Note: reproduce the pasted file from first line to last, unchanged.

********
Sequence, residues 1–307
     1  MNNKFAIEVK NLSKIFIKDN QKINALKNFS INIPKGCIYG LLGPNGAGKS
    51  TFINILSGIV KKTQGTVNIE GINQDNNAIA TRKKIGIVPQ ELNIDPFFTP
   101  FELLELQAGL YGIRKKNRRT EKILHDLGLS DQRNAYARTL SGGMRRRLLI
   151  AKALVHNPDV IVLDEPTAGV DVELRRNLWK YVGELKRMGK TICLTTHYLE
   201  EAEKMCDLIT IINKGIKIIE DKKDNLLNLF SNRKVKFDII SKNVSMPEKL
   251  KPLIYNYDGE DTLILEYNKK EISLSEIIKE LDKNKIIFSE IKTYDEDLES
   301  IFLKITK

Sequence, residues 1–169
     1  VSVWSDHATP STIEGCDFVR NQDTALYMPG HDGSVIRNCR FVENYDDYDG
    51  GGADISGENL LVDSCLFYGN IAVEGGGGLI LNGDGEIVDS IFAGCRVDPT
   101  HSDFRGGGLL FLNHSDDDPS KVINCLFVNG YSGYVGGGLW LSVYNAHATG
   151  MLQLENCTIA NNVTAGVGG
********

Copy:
Sequence, residues 1–307
     1  MNNKFAIEVK NLSKIFIKDN QKINALKNFS INIPKGCIYG LLGPNGAGKS
    51  TFINILSGIV KKTQGTVNIE GINQDNNAIA TRKKIGIVPQ ELNIDPFFTP
   101  FELLELQAGL YGIRKKNRRT EKILHDLGLS DQRNAYARTL SGGMRRRLLI
   151  AKALVHNPDV IVLDEPTAGV DVELRRNLWK YVGELKRMGK TICLTTHYLE
   201  EAEKMCDLIT IINKGIKIIE DKKDNLLNLF SNRKVKFDII SKNVSMPEKL
   251  KPLIYNYDGE DTLILEYNKK EISLSEIIKE LDKNKIIFSE IKTYDEDLES
   301  IFLKITK

Sequence, residues 1–169
     1  VSVWSDHATP STIEGCDFVR NQDTALYMPG HDGSVIRNCR FVENYDDYDG
    51  GGADISGENL LVDSCLFYGN IAVEGGGGLI LNGDGEIVDS IFAGCRVDPT
   101  HSDFRGGGLL FLNHSDDDPS KVINCLFVNG YSGYVGGGLW LSVYNAHATG
   151  MLQLENCTIA NNVTAGVGG